To help free up beds in hospitals in late March, the New York state Health Department issued an order to nursing homes: “No resident shall be denied re-admission or admission to the [nursing home] solely based on a confirmed or suspected diagnosis of COVID-19.”

The Long Term Care Community Coalition in New York opposed the Cuomo policy of sending COVID-19 patients back to nursing homes. 

Similarly, the American Medical Directors Association, in a March 26 statement, said: “Unsafe transfers will increase the risk of transmission in post-acute and long-term care facilities, which will ultimately only serve to increase the return flow back to hospitals, overwhelming capacity, endangering more healthcare personnel, and escalating the death rate.”

Cuomo administration officials said residents returning to nursing homes after testing positive for the virus were quarantined from other residents, following federal guidelines for them to be kept in separate facilities with different caretakers from the rest of the population. A total of 12% of the state’s fatalities were from nursing homes, a Cuomo administration official said.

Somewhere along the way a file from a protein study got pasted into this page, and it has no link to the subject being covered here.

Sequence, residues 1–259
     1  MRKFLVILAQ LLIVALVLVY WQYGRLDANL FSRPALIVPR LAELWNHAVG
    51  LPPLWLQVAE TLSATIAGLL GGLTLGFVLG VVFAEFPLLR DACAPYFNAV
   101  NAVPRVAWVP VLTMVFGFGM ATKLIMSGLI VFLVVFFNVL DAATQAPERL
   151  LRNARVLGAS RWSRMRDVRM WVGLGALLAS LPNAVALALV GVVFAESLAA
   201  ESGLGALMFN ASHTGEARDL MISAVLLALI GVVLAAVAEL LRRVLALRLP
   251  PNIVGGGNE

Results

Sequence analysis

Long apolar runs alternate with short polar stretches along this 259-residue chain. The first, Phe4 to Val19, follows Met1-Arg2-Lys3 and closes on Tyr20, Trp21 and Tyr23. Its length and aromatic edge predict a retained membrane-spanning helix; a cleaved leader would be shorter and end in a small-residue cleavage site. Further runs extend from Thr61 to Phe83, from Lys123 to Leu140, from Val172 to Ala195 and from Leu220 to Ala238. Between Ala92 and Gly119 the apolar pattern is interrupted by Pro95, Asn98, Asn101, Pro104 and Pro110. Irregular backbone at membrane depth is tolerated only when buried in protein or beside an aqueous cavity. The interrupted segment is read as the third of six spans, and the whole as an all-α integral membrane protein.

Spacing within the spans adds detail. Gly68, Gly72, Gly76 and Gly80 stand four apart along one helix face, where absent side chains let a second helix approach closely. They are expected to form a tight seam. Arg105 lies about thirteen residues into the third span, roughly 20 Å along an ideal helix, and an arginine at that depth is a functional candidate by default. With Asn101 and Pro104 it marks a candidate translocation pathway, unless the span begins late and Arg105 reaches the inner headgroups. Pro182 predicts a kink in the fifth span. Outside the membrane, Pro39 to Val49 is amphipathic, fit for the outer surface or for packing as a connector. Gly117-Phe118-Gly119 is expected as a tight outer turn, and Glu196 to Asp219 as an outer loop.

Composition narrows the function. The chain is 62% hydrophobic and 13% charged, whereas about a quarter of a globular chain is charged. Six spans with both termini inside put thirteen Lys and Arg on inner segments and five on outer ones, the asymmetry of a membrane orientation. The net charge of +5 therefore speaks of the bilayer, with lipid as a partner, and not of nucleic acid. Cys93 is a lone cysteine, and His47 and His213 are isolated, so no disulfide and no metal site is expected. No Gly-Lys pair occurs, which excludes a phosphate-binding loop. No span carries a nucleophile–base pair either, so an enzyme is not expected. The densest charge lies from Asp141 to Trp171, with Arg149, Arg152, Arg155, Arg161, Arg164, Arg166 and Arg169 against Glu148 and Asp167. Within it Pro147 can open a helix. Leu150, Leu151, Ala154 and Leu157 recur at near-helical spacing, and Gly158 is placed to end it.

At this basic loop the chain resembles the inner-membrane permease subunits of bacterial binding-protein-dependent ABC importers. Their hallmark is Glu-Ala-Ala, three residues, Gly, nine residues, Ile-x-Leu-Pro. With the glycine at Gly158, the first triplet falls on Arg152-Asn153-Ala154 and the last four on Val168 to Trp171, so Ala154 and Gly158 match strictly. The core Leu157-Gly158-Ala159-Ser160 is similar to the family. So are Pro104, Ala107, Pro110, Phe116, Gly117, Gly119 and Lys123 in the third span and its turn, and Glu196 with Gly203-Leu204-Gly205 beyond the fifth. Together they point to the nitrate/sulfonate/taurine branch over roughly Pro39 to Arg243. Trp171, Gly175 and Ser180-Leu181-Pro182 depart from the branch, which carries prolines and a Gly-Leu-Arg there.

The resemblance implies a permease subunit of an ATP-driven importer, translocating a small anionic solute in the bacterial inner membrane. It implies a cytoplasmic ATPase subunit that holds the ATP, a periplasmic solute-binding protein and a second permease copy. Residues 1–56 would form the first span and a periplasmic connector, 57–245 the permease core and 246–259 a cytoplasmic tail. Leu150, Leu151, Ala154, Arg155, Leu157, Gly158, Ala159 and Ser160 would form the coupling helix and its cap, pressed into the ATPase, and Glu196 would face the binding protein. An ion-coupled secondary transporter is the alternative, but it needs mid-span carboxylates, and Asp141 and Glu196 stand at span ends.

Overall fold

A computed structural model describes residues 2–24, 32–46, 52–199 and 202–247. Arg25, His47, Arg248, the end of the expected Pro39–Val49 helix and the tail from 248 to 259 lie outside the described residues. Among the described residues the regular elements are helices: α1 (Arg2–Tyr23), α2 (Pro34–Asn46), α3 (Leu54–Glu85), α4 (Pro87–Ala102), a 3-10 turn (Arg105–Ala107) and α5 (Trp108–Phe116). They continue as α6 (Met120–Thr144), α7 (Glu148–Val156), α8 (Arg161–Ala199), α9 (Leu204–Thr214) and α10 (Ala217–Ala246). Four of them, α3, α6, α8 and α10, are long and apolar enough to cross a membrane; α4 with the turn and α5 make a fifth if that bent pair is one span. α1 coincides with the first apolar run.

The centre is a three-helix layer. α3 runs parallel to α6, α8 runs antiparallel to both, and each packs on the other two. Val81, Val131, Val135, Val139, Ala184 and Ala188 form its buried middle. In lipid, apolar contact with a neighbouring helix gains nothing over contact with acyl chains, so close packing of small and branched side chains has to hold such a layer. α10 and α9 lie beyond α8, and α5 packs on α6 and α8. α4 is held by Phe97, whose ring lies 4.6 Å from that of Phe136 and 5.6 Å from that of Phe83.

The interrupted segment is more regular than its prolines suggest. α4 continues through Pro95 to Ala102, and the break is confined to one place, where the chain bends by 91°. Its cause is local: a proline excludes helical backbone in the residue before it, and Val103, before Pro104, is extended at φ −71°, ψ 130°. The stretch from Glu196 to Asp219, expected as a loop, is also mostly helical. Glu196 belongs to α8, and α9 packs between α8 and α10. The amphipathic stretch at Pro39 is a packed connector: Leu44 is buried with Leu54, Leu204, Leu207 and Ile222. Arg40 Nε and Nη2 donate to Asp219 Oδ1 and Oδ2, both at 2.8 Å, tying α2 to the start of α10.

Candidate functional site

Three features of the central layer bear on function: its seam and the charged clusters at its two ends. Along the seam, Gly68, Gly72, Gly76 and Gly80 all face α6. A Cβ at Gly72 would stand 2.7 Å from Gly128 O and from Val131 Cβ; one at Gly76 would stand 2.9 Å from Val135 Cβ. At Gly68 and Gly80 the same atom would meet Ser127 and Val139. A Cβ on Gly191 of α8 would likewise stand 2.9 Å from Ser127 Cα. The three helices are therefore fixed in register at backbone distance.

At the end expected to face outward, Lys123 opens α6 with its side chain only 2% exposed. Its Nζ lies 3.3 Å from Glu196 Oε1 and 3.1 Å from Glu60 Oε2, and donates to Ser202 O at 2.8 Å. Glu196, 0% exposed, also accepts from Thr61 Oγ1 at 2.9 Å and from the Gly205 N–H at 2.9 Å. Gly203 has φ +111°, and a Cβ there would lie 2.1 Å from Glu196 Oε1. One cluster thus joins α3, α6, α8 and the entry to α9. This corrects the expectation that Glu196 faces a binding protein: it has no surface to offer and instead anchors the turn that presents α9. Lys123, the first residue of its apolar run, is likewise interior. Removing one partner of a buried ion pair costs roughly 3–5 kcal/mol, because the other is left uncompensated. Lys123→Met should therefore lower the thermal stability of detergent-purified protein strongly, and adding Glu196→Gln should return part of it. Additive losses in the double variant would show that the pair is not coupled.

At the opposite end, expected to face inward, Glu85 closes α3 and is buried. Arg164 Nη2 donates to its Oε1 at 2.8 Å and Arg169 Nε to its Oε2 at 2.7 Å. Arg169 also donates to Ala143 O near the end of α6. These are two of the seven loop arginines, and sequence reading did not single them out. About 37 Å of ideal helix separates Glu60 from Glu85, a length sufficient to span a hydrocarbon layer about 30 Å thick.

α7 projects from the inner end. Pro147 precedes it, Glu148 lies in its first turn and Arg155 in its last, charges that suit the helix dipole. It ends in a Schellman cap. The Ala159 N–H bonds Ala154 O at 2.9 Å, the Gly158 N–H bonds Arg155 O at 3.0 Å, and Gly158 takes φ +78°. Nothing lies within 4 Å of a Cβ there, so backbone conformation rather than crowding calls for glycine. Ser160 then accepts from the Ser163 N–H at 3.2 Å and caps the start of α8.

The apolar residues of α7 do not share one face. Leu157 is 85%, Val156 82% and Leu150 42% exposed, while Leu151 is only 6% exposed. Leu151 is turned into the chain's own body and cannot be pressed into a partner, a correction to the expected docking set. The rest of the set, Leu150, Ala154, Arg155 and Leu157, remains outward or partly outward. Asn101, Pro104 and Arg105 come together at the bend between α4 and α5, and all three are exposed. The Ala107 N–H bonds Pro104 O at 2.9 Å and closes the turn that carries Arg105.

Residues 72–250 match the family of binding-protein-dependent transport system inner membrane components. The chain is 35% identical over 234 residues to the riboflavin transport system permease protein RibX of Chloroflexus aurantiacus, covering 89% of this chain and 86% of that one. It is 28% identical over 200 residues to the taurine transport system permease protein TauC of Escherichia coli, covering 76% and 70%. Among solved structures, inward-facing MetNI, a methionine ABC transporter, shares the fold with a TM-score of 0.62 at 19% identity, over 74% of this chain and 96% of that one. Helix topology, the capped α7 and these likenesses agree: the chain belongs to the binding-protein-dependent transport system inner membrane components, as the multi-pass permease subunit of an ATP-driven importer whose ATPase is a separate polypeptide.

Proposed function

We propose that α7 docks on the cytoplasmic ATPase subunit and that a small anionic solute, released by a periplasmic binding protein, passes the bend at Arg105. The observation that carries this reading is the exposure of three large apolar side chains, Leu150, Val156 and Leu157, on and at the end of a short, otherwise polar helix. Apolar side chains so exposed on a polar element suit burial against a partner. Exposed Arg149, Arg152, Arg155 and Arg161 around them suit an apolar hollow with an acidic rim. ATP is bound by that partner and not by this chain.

“It was one of the giant red herrings of all time,” the official told The Daily Signal. “I would take our state law over any state law that says you can discriminate [against] potentially the most feeble, at-risk, vulnerable people in our society.”

In early May, The New York Times reported that 1,600 previously undisclosed deaths occurred in New York nursing homes, bringing the total number of deaths at nursing homes to almost 5,000. 

One more factor: Cuomo didn’t order the New York City subway to be sterilized on a nightly basis until early May, even though the first COVID-19 cases were reported March 1.